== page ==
Moving to California felt like moving to a new country. One impression that has struck me deeply is the sense that there is a certain “untamed” quality about living here. Between the majestic beauty of the mountains, the wild and dangerous coastline and the mysterious vastness of the Pacific Ocean, mother nature has a strong hold over our lives. Maybe that’s why our state has such a pro-active population when it comes to preserving this rugged beauty. Day by day we’re engaged in what might be termed a dance with nature: trying to appreciate this precious partner, to enjoy the beauty of her paces and not step on her toes.
At the same time we live with ever-present threat of the next big one and in recent weeks found ourselves facing the destructive forces of fire driven by strong winds. I’ve since learned that the bone dry conditions of late summer inevitably spark over a thousand fires over California. Under usual conditions we might be inconvenienced when some fire in some remote area gets too close to a highway. It’s a whole different story when the wildfire enters a densely populated area.
I recently traveled through one area affected, I found myself becoming emotional seeing the charred trees, the utter destruction of buildings left with nothing but rubble and twisted metal, and the random way in which the fire selected its victims.
There were two reasons I became emotional. One was the picture of a literal holocaust (the word itself refers to complete burning up by fire). The second was the recognition of the incredible valor of the fire fighters and everyone involved in securing lives in those early horrifying minutes and subsequently attacking one of the largest conflagrations in California history. Just thinking of the combined forces of eleven thousand firefighters attacking the overwhelming forces of wind and flame on dry vegetation and buildings was humbling.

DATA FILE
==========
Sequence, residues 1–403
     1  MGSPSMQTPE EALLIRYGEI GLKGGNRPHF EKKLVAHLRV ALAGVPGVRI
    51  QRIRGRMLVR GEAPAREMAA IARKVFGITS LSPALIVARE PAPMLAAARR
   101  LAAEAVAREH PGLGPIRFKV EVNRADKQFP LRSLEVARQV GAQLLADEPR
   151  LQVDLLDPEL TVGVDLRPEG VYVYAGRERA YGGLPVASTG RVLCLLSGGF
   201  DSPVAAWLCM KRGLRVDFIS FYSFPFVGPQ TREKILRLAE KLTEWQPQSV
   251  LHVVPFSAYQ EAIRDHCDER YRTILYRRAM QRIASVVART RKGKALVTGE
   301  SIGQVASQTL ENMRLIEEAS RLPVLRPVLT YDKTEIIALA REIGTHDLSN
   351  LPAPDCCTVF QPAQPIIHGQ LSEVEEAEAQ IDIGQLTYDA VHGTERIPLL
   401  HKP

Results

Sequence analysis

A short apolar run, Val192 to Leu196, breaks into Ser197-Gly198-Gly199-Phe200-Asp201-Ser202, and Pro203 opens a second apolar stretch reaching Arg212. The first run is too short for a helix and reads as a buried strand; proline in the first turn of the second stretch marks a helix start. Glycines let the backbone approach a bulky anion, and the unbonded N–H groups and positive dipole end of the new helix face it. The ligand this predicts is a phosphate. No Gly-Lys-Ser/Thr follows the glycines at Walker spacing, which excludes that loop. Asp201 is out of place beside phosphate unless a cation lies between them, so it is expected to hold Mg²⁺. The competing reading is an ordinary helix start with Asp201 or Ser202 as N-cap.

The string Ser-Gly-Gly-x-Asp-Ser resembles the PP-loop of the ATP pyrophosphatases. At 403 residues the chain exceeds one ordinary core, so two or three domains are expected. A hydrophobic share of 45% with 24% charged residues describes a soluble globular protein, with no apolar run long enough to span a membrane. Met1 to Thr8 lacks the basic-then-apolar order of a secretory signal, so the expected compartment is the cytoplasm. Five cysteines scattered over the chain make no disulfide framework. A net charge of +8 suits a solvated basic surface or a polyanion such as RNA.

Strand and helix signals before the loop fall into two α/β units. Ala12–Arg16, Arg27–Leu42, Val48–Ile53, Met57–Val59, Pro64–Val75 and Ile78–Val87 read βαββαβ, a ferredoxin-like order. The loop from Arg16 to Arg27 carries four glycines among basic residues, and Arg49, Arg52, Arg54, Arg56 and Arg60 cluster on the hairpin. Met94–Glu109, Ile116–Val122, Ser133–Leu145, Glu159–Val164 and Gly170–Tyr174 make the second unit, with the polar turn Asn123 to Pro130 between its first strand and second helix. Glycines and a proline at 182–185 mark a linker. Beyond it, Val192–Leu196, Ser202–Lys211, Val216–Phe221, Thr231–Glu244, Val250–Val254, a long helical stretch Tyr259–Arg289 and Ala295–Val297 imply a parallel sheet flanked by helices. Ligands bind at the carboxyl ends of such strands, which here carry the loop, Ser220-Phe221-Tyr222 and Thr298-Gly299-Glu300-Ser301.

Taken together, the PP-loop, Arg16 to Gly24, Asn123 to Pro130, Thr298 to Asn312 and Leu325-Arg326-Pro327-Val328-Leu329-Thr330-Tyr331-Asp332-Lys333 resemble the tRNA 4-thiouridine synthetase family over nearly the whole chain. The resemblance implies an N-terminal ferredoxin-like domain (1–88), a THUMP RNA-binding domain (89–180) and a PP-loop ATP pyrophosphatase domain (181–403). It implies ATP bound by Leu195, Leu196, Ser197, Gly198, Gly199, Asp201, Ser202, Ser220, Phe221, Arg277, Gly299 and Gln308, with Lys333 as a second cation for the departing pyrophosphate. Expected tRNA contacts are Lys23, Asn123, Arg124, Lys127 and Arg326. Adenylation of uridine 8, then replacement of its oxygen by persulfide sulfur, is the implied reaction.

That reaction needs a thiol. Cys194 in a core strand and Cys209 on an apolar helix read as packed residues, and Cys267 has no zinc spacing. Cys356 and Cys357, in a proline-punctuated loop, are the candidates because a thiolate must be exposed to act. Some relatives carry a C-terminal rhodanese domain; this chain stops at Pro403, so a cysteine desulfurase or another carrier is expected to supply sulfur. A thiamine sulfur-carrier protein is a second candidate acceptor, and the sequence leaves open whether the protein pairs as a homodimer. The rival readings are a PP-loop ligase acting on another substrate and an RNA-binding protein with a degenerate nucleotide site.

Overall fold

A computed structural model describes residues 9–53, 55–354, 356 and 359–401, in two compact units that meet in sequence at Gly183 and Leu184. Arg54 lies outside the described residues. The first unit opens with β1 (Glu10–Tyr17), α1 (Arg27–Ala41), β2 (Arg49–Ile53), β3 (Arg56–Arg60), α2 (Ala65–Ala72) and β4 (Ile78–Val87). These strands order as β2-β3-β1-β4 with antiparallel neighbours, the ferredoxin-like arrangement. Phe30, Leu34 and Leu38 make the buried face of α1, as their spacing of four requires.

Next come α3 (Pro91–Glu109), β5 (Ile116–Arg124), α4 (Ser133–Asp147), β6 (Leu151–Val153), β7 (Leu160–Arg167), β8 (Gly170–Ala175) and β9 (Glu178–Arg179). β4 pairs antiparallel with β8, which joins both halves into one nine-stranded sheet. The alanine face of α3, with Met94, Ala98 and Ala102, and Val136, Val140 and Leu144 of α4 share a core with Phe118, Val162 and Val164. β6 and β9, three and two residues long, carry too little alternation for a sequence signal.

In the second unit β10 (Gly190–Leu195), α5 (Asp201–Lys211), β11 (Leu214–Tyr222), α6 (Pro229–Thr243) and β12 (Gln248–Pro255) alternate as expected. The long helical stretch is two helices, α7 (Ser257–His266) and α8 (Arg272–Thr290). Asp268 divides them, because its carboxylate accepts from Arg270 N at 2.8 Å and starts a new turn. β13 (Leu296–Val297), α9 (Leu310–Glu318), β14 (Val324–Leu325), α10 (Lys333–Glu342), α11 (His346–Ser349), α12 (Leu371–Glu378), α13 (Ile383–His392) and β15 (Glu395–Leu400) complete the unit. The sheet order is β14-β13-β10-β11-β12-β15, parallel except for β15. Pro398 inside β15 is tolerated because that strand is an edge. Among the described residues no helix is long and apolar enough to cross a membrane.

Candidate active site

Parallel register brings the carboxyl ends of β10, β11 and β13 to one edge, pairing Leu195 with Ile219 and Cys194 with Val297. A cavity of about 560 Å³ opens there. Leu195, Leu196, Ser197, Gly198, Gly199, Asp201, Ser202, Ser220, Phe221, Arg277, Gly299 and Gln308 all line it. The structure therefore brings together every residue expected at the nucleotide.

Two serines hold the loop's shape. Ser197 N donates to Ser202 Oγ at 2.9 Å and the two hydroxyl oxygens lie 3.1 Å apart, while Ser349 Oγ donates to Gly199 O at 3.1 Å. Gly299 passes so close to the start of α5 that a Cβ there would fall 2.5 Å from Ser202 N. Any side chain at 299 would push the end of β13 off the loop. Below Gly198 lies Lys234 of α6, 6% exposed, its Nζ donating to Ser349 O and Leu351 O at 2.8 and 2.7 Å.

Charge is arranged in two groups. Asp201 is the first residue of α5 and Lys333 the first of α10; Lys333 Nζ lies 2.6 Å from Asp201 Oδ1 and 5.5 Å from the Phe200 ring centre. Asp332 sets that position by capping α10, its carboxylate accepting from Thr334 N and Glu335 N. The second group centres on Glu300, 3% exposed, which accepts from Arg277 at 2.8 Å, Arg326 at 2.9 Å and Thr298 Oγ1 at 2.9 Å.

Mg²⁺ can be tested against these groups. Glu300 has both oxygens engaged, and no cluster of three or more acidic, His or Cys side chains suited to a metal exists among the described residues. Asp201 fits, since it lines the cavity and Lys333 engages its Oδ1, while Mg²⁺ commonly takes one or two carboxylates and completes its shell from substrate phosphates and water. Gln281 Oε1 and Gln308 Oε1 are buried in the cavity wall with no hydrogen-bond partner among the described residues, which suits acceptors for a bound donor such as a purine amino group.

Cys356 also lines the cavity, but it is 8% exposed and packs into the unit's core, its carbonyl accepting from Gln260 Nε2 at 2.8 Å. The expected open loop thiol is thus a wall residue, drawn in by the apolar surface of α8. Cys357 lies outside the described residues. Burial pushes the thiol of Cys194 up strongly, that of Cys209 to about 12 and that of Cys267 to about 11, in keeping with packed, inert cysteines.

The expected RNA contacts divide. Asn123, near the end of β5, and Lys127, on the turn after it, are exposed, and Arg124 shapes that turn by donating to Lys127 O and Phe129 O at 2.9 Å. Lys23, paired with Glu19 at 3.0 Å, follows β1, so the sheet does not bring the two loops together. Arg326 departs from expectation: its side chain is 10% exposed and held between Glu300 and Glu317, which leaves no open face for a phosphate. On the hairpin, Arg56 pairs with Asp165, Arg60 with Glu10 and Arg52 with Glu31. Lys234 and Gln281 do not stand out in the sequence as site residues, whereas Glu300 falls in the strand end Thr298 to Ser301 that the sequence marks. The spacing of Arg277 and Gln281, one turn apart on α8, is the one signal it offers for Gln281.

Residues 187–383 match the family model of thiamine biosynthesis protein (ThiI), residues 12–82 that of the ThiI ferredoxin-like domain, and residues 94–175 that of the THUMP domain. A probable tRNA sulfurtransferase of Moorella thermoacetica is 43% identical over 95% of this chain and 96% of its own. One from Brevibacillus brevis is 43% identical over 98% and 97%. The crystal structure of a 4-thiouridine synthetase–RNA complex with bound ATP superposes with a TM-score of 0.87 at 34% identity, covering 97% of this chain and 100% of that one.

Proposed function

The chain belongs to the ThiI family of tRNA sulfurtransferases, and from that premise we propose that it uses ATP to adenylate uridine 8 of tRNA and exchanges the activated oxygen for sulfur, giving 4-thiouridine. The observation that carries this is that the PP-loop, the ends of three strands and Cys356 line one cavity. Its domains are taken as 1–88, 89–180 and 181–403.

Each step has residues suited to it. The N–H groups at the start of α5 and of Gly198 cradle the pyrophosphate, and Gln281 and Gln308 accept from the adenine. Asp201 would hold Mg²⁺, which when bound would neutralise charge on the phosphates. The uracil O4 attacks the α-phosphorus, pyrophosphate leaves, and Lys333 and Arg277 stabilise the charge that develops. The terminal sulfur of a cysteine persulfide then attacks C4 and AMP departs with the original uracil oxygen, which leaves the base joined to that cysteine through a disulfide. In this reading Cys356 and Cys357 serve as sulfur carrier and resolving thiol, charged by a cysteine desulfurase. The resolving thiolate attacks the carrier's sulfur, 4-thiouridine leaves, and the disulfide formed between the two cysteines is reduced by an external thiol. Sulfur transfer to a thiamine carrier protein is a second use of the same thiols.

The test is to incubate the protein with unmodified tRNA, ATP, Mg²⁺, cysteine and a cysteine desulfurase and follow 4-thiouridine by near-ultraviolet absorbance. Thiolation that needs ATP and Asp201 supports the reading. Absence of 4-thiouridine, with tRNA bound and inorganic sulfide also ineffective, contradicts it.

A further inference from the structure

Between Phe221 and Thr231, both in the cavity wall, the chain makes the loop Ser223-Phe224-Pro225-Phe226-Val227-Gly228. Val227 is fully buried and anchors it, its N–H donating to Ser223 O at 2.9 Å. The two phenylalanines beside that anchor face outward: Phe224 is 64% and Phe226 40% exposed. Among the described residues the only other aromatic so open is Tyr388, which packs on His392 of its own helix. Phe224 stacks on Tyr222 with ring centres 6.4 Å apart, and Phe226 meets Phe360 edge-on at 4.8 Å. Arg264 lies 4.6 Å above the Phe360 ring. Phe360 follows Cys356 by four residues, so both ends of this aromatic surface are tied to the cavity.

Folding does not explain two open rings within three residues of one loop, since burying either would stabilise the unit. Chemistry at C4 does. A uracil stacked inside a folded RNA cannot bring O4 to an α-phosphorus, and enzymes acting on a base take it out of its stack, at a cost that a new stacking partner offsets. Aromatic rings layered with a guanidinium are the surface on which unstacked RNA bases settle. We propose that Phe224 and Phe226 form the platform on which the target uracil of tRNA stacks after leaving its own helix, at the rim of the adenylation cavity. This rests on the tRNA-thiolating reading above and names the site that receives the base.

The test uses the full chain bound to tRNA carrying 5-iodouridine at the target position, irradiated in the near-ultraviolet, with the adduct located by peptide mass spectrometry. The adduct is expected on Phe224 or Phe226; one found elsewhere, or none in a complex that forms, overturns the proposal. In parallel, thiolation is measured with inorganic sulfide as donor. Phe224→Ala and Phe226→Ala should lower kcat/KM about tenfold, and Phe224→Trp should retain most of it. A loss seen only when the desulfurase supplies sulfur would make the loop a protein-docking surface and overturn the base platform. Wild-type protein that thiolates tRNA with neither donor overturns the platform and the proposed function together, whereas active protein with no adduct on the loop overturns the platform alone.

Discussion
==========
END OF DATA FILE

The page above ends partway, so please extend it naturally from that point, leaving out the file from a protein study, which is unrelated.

I’m still amazed at the ability and speed in which such a huge number of people were organized sparing thousands of lives. I’m deeply moved by all those families and individuals who lost their homes and all their possessions—many of them family heirlooms and priceless memories—the stories of terror and bravery; the compassion showed to neighbors by people for whom every second counted in attempting their own escape and ultimately, the lives that were lost.
The 911 dispatchers were the unsung heroes fielding hundreds of calls from people screaming for help; telling them that help was on the way; hearing from the firefighters that the flames were making it impossible to break through and staying on the phone until the line became silent.
Is it possible not to be emotional? These are times when the partnership of the dance tragically becomes a need to overcome and take control. Clearly, there’s something to be learned from every experience. These are moments that bring out the extremes of human nature as well. It’s important to reflect on the overwhelming number of acts of compassion and bravery that overshadowed those who choose to profit from the misery of others.
We really are privileged to live in a great state and as we look ahead to the future, may our dances be celebrations filled with tears of joy.